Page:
Do you want to sharpen your skills, learn fresh techniques or just have fun with your camera? Photography projects help you accomplish all three.
Through themed projects, you can capture unique images that follow a certain framework or style. Your project can last a week, month or year—depending on how in depth you’d like to go. To offer you inspiration, we’ve compiled 68 creative photography projects that are appropriate for all skill levels.
1. Self Portrait
By switching the focus from other subjects to yourself as the subject, your photography takes on a whole new perspective. When setting up your shot, choose a landmark item to use as a stand-in until you’re ready to jump in the frame.
Play with auto and manual focus with your stand-in until you get the shot just right. Then, enter the scene using the timer option.
For the wisdom project, the goal is to gather photographs of those who have offered you wisdom or a helpful perspective. You might feature grandparents or mentors—or be inclined to include young ones who have provided you a fresh angle on life.
Aim to capture individuals in their natural state, especially if it’s in a location where they shared a special moment with you.
Photographing someone in their natural state allows for their true personality to shine through. With a candid photography project, incorporate a range of human subjects for a diverse collection, or capture the same subject across different settings and days.
Building a portfolio of several candids allows you to paint a vivid persona of your subjects.
4. Street Style
Authentic street style photography allows you to snag shots of the latest fashion—all without the strut of the runway. Look for colors first (either eye-catching or stunningly neutral), then watch for the cut and structure of the clothes.
Aim for overall beauty within the frame, including the street or walkway, so the focus isn’t solely on the clothes.
5. All About The Details
Create a collection of shots with unique subjects that focus on the details. Whether the photos are for an engagement, graduation or everyday occasion, you can take portraits of smaller details, like wisps of hair, relaxed hands and prominent features. Making your subjects feel comfortable and confident in front of the camera is the first priority. Plan a single shoot for various angles to help capture what looks best on a given day or moment.
6. Natural Element
Plan for your gallery of photos to include candid shots of the subject in their element. Whether they love the beach or like to craft, you can capture your subject in their favorite space or place to go.
If a subject feels awkward in front of the camera, have him or her lean against something vertical, like a fence, wall or car. They’ll feel more anchored and their body angle will offer the photo some character without seeming unnatural.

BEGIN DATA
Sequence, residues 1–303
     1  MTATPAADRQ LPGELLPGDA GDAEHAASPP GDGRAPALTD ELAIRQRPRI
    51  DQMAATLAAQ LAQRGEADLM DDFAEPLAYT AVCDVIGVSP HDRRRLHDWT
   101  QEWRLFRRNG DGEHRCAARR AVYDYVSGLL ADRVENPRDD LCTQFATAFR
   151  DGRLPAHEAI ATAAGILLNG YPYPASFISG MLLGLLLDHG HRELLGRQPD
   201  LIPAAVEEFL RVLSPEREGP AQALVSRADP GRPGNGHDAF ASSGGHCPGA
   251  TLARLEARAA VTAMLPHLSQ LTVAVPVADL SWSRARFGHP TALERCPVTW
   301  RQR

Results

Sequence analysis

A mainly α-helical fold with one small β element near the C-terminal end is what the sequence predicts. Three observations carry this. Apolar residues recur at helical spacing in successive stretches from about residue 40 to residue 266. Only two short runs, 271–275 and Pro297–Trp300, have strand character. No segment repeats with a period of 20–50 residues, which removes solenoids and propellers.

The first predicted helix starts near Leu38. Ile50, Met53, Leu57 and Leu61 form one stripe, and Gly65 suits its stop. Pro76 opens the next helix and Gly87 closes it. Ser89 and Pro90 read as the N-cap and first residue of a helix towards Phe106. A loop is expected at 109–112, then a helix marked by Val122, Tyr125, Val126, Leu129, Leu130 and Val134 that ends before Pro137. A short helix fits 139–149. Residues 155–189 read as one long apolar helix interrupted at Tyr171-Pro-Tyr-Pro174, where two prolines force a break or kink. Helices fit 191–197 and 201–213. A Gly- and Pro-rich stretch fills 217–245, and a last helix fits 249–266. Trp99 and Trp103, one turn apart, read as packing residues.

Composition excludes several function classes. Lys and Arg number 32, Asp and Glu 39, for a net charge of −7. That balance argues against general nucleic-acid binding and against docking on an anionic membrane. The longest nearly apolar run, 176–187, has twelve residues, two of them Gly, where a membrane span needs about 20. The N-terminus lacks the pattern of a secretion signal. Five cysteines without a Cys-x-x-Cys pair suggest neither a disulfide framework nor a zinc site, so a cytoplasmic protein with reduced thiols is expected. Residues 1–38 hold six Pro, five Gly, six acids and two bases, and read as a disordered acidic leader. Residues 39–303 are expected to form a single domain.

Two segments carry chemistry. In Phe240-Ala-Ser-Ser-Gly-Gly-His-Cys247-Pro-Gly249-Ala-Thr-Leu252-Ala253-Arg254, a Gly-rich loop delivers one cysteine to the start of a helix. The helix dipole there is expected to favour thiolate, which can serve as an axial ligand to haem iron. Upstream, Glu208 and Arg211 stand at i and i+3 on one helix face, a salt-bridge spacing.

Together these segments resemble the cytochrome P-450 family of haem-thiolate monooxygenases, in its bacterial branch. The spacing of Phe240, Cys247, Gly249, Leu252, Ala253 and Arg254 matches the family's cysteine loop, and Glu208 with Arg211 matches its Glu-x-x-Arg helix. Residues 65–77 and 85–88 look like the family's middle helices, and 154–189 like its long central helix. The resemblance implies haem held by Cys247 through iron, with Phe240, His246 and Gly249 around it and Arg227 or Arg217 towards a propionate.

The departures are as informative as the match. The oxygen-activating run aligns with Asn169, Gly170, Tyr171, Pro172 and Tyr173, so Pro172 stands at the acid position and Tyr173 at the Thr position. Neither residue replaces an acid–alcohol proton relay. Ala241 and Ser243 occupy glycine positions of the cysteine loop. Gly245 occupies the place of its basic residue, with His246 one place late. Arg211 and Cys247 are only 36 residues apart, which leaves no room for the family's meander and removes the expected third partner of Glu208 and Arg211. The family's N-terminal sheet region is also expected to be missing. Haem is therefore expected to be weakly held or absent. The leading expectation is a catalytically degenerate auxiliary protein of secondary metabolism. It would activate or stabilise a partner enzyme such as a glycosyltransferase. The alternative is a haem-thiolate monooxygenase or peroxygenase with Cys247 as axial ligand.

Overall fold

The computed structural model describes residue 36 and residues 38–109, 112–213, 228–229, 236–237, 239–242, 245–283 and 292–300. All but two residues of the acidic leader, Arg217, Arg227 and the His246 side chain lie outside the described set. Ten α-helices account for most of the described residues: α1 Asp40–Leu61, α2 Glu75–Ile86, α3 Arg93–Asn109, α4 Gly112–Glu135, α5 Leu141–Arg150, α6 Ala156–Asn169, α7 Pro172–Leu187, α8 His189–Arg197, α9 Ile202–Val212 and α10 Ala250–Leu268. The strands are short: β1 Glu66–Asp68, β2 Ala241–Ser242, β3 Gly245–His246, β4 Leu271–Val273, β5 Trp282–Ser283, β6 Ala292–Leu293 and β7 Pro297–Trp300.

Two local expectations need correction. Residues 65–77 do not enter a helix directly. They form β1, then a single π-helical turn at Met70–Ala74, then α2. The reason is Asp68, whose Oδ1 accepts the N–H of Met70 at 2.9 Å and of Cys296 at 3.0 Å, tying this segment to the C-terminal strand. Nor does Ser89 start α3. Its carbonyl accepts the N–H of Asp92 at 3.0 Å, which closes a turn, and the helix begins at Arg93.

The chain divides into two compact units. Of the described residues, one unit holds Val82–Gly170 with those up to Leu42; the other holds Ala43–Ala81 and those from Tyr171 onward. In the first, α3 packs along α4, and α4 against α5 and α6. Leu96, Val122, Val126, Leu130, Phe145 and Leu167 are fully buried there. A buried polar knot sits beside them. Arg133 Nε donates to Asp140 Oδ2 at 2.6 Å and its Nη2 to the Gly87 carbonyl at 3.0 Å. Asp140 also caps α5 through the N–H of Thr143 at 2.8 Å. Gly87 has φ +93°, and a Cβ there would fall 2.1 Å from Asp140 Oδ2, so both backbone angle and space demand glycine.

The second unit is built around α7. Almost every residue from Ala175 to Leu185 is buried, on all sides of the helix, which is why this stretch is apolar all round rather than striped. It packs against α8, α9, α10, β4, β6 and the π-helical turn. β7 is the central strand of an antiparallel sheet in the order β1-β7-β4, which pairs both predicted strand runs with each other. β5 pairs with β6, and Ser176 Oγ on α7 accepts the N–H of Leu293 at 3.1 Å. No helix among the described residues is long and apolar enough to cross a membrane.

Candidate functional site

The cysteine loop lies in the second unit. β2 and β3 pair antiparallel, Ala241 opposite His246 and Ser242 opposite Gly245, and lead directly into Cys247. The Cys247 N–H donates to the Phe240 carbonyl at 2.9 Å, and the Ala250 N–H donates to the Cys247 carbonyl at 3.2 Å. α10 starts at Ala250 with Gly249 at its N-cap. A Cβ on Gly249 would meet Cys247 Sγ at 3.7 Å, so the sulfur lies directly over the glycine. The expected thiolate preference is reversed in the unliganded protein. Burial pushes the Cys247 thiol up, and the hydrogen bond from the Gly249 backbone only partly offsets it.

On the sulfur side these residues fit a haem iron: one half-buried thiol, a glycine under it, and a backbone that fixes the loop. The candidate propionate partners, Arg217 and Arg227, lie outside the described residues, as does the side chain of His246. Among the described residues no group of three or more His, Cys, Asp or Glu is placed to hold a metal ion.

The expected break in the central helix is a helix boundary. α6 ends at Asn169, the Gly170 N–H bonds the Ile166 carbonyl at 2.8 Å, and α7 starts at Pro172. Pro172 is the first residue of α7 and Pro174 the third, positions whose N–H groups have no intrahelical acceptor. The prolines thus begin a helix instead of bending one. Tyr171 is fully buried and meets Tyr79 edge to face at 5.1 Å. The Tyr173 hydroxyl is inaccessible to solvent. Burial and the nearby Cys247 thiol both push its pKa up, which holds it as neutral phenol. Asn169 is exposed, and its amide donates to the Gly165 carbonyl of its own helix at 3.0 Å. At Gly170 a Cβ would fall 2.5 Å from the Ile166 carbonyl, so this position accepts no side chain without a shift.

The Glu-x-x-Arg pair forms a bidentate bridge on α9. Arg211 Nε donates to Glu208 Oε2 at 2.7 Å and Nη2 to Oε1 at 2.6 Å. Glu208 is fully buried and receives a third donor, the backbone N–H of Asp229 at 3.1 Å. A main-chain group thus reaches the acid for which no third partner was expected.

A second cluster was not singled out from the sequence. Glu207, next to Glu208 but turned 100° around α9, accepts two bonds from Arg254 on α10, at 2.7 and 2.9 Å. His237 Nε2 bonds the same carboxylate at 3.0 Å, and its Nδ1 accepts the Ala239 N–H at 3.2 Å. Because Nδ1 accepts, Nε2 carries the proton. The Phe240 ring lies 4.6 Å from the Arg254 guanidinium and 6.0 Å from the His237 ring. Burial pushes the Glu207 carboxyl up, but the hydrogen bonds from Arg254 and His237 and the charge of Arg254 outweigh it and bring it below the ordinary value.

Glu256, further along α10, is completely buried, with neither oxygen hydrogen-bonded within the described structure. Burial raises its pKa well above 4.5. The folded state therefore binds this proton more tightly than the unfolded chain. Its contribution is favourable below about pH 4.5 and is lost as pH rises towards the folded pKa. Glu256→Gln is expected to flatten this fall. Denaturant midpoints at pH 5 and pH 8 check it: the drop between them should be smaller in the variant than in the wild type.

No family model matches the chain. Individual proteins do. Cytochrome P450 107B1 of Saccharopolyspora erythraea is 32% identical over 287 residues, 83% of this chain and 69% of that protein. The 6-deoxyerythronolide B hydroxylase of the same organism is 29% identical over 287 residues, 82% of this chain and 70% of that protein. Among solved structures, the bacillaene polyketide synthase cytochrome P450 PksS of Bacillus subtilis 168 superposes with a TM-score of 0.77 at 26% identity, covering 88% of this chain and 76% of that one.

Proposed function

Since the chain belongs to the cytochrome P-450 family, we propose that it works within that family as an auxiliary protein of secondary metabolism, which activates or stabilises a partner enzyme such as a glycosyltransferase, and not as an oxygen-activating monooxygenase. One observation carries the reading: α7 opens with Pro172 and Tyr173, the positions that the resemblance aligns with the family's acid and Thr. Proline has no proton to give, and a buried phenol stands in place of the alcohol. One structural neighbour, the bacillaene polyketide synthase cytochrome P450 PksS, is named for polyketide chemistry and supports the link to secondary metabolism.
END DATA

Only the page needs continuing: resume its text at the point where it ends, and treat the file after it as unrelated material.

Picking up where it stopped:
From cats to dogs to horses, the heart and soul of your pets can be captured with the right technique. Incorporate natural light in your shoot keep watch of your pet’s eyes. Expressions and personality often shine through and it’s a great time to capture these moments.
Being a mother is one of life’s greatest gifts. When we’re parents, beautiful moments take place along with messy and chaotic ones. Encapsulate the full spectrum of motherhood with photos from quiet moments like snuggling with your child to lively times like cooking together in the kitchen.
With any photography project, it’s important that your images tell a story.
A popular technique for landscapes, panoramic photography enlarges the viewpoint beyond the normal size of a camera lens. To ensure there are no gaps in your panoramic shot, overlap your image by 15-30%.
You’ll also want to keep your camera as level as possible to ensure the photo is even throughout. Don’t forget that panos work well for vertical shots, too, like waterfalls and deep canyons.
Sunsets make for stunning photos—especially when executed well. For maximum beauty, be sure to slightly underexpose the sunset for rich and dramatic colors. Use manual mode and a fast shutter speed for underexposure, or use aperture priority with exposure compensation.
Make your sunset even more magnificent by arranging an object or scene in the foreground of the sunset, like a lake or mountain.
Mist and fog are natural elements that can enhance the beauty of your photography. Check the weather to determine when fog might pop up. Oftentimes the best lighting for fog photos occurs in the wee hours of the morning or late in the evening after sunset. The low lighting causes a slower shutter speed, which means a shakier camera.
Keep your camera as still as possible or use a tripod. The best places for foggy photos? Open bodies of water and other sweeping landscapes like fields and low rolling hills.
Hovering skyscrapers and diverse skylines are part of what makes cityscapes such attractive photography. For a cityscapes project, try different vantage points across the city to see what works best (think: a popular lookout compared with a more secret locale).
Prepare for an after sunset shoot, allowing the city lights to pop against the dark sky. Remember to use a wide angle lens to cover as much ground as possible.
13. Water (Rain, Ocean)
Whether you’re hoping to create scenes of smooth, flowing water or capture dynamic waves crashing against a seawall, it’s critical to have better than average camera equipment. For nearly every water shot, a tripod is also essential to keep the frame still for the length of the exposure (usually two to four seconds).
Pack along a lens-friendly cloth to remove splashes and water marks. Plan to get wet if you’re banking on a stunning water shot.
Each season offers its own charms—from snowy branches to colored leaves. Select a location for your seasons project where you’ll snap photos throughout all four seasons. Once the year is complete, you’ll have a collection of stunning images that tell the story of your special place over the course of a year.
15. Star Trails
Spectacular from edge to edge, star trails photography is an adventure to shoot. The first step is to find a clear sky full of stars, but free of pollution and other light interference. Anchoring your camera on a tripod, set your camera to shoot on manual mode. The faster the lens you have, the better.
Once you have your shot prepared, select drive mode for consecutive shots rather than a single frame. With your remote, let your camera take photos for thirty minutes up to a few hours, depending on the length of star trails you’re creating.